So much of A Thousand and One also rests on the believability of the performances and how these actors manage to subvert expectations in addition to humanising their larger-than-life personas, and the cast – led by an indomitable Teyana Taylor – deliver excellent turns across the board. Taylor, in particular, is the crowning jewel with a lead turn – the first in the singer/choreographer’s acting career – that deserves at least one award within the next year, for she embodies a fiery fight-or-flight spirit that is matched only by her natural on-screen magnetism, as well as her ability to make her temperamental character relatively unpredictable throughout.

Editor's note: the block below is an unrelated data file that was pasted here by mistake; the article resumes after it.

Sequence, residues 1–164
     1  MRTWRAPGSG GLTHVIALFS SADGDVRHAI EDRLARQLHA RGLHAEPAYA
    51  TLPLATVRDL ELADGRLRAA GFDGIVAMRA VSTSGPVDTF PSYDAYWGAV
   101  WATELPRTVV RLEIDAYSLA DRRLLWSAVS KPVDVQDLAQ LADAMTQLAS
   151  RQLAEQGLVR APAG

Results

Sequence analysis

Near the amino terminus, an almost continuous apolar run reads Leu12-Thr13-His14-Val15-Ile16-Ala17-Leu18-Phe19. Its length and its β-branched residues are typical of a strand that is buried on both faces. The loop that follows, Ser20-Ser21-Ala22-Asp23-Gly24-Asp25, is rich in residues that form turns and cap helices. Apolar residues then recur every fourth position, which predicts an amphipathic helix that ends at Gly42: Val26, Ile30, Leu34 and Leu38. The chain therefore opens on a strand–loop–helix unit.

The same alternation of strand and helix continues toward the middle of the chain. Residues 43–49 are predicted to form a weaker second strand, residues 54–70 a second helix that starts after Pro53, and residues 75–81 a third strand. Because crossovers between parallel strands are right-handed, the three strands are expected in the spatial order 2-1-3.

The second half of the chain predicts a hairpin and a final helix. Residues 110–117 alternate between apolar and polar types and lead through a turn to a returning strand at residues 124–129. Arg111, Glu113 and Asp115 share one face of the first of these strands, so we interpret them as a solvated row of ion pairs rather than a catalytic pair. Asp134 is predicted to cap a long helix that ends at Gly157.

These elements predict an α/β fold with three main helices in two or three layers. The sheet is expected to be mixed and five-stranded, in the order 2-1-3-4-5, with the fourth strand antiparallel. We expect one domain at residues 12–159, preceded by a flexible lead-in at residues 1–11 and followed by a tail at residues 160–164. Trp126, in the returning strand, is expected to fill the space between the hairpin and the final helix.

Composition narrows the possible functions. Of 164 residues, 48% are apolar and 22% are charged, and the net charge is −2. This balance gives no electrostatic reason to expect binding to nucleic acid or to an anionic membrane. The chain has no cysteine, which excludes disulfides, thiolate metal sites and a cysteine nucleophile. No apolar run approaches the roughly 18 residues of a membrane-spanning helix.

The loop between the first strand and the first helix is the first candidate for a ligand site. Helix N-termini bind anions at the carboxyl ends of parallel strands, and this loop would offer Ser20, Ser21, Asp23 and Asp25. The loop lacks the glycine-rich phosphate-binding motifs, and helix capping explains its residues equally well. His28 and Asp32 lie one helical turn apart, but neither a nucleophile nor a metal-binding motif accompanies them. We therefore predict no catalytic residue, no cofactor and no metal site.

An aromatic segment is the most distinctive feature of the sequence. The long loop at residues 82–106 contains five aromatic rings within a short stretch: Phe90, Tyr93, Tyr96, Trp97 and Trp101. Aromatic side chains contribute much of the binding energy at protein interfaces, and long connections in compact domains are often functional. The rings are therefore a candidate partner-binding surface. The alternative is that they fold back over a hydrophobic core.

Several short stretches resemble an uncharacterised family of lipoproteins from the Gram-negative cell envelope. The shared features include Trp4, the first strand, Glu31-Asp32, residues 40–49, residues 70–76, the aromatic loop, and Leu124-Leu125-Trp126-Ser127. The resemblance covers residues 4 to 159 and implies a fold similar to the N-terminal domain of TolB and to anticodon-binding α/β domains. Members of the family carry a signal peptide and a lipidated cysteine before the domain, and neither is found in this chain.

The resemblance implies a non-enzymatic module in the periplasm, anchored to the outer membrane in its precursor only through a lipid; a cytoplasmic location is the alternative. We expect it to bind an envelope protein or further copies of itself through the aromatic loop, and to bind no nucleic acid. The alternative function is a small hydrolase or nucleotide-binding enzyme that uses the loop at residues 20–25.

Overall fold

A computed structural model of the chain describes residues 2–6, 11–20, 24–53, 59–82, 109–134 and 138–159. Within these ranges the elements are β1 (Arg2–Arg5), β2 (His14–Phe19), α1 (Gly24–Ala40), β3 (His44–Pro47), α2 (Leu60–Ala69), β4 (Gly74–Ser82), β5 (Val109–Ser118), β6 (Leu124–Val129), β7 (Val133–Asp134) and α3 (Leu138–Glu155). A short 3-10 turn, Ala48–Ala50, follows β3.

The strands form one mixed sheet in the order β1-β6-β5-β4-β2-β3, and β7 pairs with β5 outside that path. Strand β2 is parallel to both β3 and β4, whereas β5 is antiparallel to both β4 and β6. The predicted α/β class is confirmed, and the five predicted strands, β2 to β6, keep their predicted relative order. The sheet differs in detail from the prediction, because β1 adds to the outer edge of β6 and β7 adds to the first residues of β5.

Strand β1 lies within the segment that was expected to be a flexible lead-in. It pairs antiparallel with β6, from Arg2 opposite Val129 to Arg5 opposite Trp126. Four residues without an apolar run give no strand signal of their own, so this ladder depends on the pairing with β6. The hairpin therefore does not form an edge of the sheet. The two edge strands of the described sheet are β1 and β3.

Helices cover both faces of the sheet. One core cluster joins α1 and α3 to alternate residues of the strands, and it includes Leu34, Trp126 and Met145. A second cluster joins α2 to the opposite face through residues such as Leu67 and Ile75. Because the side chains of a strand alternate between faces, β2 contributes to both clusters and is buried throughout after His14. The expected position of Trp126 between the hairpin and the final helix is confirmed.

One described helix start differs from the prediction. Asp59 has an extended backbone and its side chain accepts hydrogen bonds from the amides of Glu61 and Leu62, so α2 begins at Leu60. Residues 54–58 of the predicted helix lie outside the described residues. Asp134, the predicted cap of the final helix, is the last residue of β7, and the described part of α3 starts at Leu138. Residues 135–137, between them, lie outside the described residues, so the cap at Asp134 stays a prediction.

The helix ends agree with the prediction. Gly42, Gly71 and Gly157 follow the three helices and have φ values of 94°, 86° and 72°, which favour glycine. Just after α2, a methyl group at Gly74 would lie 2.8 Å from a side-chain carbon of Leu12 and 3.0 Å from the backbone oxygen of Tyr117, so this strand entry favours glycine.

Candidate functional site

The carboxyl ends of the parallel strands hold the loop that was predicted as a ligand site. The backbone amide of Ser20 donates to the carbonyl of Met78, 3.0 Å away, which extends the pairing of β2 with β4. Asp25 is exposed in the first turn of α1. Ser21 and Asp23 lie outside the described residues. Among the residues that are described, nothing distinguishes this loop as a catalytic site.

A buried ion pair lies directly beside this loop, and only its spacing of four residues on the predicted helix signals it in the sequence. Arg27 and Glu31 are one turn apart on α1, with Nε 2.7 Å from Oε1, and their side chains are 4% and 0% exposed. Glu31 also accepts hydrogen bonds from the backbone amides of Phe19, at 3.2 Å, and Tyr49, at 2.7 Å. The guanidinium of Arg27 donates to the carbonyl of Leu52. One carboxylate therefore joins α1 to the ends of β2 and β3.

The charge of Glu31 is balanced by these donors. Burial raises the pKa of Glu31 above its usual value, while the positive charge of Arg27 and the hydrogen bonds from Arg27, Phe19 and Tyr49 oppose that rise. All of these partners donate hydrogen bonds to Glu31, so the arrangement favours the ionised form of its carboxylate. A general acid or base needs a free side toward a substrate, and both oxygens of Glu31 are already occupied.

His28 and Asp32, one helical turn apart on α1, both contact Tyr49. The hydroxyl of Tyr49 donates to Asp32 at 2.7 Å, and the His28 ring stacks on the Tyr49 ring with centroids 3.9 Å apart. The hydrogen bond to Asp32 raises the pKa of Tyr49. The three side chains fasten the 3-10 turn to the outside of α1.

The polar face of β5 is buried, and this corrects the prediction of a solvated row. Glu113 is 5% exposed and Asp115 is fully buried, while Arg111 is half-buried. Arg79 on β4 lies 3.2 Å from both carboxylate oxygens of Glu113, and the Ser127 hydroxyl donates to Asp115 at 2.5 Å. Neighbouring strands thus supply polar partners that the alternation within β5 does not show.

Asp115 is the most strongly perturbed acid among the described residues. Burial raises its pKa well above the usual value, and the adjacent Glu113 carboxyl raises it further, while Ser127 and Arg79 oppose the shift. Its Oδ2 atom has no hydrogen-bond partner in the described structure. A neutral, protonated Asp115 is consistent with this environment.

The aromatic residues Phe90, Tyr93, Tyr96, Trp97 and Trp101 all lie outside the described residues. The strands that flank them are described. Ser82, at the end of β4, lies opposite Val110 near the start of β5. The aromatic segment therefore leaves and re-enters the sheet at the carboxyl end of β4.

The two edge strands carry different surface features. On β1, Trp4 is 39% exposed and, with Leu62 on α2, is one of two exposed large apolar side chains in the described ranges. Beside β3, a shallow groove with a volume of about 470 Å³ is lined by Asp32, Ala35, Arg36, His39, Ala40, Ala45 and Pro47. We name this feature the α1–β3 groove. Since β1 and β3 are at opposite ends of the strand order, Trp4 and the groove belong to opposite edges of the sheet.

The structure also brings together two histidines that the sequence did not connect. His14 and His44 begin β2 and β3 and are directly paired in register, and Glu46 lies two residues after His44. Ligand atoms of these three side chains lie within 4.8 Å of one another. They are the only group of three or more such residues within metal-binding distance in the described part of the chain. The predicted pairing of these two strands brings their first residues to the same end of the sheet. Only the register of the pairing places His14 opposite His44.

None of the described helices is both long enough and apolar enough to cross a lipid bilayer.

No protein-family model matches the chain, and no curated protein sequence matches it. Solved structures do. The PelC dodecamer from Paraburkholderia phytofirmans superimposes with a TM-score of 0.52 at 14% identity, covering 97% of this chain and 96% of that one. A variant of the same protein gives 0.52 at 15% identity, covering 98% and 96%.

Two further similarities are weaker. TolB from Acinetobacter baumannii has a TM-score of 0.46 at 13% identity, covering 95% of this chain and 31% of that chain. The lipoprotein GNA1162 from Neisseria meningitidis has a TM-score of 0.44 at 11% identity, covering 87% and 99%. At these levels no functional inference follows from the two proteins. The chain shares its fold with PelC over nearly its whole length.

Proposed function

It is a testament to the performer’s ability to keep her character’s true intentions under close guard at all times that the viewer never knows how to truly feel around her, whether it’s sympathy for her plight or being quietly appalled by some of her actions, but it never comes off like she’s ever a villain, and is instead a damaged anti-hero with a complex background that has dominated all of her decisions, be they good or bad.

It’s a lead performance so great that I’m almost certain it isn’t going to be recognised by any major awards bodies come the end of the year; blame it on the too-early release date, or its respectable but muted box office performance, but you can count on Teyana Taylor being mentioned in several articles about the year’s most under-looked turns that deserve more attention.